Re: A Sample auto_ptr implementation

Ankur Arora <>
Mon, 13 Oct 2008 07:10:23 -0700 (PDT)
Thanks for the reply Kai!
Please see the comments below.

On Oct 13, 2:53 pm, Kai-Uwe Bux <> wrote:

Ankur Arora wrote:

Hi All,

I'm building a sample application that uses a custom auto_ptr
The program crashes with the following output:-

Output (Debug Assertion failed)

         release called
         copy constructor
         aap: ptr2= 10
         aap: ptr3= 20
         aap: ptr3= 10
         aap: exiting app
         Deleting pointee...10
         Deleting pointee...-572662307 (

oblem ?)


Just a data point: your code works for me with output

         release called
         copy constructor
         aap: ptr2= 10
         aap: ptr3= 20
         Inside operator=
         Inside operator=, calling reset
         release called
         reset called
         aap: ptr3= 10
         aap: exiting app
         Deleting pointee...10

So I just have nits:


using namespace std;

It's a bad idea to use using namespace std in a header.



template <class T>
inline MyAutoPtr<T>::~MyAutoPtr()
    cout<<"\n\t Deleting pointee..."<<*pointee;
    delete pointee;

delete will perform its own check for 0. It is required to be a null-op i=


that case.

I did this since removing this check caused the program to crash, even
though I had made pointee equals to 0 in release(), which was used in
the copy constructor.
I'm using visual studio 2008 express edition. You reckon this is a
complier issue?


template<class T>
template<class U>
MyAutoPtr<T>& MyAutoPtr<T>::operator=(MyAutoPtr<U>& rhs)
  cout<<"\n\t Inside operator=";

This if-clause will not compile when T and U are different.

You could use

  if ( this->pointee == rhs.pointee )

instead (I think).

I saw this example in "More Effective C++" by scott meyers. This was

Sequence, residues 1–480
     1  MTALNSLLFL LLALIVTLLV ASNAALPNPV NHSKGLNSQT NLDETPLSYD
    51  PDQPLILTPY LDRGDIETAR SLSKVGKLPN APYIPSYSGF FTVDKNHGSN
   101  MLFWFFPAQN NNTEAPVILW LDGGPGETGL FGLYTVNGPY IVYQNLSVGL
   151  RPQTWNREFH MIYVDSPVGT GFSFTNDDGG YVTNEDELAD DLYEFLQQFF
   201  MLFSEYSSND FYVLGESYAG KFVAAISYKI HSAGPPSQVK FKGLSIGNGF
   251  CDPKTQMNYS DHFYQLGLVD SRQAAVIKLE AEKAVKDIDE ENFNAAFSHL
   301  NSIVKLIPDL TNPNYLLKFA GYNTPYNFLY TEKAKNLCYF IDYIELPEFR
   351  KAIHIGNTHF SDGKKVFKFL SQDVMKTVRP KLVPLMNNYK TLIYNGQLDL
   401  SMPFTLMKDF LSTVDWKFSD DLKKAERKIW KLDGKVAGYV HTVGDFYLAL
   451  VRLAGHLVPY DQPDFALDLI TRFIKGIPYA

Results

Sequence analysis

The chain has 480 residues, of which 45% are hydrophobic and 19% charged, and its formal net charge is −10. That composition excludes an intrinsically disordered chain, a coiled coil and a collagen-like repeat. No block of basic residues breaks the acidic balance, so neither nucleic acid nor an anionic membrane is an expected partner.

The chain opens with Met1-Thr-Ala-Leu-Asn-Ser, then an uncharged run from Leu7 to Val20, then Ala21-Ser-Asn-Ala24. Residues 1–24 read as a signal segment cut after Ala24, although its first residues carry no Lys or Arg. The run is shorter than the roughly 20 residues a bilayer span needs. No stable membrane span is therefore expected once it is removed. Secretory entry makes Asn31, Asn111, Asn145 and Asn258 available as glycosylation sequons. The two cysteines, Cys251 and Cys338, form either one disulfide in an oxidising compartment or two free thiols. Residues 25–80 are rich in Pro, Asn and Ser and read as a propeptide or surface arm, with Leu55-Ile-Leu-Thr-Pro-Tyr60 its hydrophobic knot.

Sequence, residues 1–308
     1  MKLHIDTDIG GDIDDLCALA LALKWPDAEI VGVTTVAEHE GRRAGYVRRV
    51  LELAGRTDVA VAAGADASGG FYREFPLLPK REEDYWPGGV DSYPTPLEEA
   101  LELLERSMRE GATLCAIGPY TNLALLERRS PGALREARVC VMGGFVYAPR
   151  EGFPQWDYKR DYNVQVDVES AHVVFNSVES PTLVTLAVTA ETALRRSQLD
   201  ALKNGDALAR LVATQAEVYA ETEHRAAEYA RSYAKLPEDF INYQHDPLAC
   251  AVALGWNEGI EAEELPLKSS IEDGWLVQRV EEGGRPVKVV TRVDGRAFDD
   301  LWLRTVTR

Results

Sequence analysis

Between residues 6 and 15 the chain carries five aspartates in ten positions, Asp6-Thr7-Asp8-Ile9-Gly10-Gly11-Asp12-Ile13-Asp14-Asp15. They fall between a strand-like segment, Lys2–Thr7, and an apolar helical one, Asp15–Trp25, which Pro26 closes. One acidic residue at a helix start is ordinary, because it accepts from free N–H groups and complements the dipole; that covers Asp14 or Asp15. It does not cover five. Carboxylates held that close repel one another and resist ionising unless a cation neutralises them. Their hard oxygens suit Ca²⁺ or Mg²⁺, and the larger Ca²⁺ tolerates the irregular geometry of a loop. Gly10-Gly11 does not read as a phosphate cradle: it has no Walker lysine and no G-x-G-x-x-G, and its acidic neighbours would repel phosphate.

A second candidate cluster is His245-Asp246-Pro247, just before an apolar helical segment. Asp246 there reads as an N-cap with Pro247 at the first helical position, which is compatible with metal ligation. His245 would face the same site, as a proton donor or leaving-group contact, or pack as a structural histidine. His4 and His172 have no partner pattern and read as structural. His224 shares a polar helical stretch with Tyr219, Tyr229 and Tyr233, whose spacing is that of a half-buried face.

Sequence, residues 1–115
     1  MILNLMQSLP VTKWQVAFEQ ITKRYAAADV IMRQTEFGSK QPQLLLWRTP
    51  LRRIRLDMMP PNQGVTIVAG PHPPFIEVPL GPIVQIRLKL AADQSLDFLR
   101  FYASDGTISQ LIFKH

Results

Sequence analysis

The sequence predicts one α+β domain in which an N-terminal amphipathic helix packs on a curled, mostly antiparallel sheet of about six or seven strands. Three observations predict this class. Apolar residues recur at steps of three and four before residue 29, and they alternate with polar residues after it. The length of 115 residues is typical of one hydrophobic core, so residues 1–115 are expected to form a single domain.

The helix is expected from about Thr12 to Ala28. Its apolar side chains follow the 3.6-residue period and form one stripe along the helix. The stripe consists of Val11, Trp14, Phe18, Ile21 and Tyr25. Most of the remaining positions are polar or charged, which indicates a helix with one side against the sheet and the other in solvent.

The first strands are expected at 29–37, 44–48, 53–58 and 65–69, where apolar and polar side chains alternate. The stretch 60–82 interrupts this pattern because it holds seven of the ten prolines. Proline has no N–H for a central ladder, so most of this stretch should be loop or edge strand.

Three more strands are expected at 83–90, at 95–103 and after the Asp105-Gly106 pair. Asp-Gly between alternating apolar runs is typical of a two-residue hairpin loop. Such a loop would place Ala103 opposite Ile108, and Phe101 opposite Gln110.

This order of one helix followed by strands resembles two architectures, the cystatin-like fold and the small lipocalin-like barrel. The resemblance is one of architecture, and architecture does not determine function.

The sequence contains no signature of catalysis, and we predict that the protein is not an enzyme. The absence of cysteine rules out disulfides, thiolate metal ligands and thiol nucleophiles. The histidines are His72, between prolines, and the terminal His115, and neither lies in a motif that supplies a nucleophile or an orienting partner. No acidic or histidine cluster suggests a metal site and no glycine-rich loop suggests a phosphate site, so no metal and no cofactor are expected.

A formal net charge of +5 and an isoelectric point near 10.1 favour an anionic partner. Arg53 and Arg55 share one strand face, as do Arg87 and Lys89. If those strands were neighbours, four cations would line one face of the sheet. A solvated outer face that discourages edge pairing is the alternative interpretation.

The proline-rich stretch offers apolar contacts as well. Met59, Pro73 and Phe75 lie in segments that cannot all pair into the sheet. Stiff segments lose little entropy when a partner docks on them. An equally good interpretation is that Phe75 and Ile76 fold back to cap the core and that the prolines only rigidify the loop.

how its used in that book. Here is a code.

template<class T>
class auto_ptr {
  explicit auto_ptr(T *p = 0); // see Item 5 for a
                                            // description of
  template<class U> // copy constructor member
  auto_ptr(auto_ptr<U>& rhs); // template (see Item 28):
                                            // initialize a new
                                            // with any compatible
                                            // auto_ptr
  template<class U> // assignment operator
  auto_ptr<T>& // member template (see
  operator=(auto_ptr<U>& rhs); // Item 28): assign from
                                            // compatible auto_ptr
  T& operator*() const; // see Item 28
  T* operator->() const; // see Item 28
  T* get() const; // return value of current
                                            // dumb pointer
  T* release(); // relinquish ownership of
                                            // current dumb pointer
                                            // return its value
  void reset(T *p = 0); // delete owned pointer;
                                            // assume ownership of p
  T *pointee;
template<class U> // make all auto_ptr
friend class auto_ptr<U>; // friends of one another

template<class T>
inline auto_ptr<T>::auto_ptr(T *p)
: pointee(p)
template<class T>
  inline auto_ptr<T>::auto_ptr(auto_ptr<U>& rhs)
  : pointee(rhs.release())
template<class T>
inline auto_ptr<T>::~auto_ptr()
{ delete pointee; }
template<class T>
  template<class U>
  inline auto_ptr<T>& auto_ptr<T>::operator=(auto_ptr<U>& rhs)
    if (this != &rhs) reset(rhs.release());
    return *this;
template<class T>
inline T& auto_ptr<T>::operator*() const
{ return *pointee; }
template<class T>
inline T* auto_ptr<T>::operator->() const
{ return pointee; }
template<class T>
inline T* auto_ptr<T>::get() const
{ return pointee; }
template<class T>
inline T* auto_ptr<T>::release()
  T *oldPointee = pointee;
  pointee = 0;
  return oldPointee;
template<class T>
inline void auto_ptr<T>::reset(T *p)
  if (pointee != p) {
    delete pointee;
    pointee = p;

Anything wrong with the above ? (would be surprised if there is, as it
came from scott meyers)

Q1. Any problems with the above code ?

It works with g++.

Again, looks like an issue with visual studio 2008 express.

Q2. What is causing operator= not to be called and how to fix it ?

A bug in your compiler?



Kai-Uwe Bux

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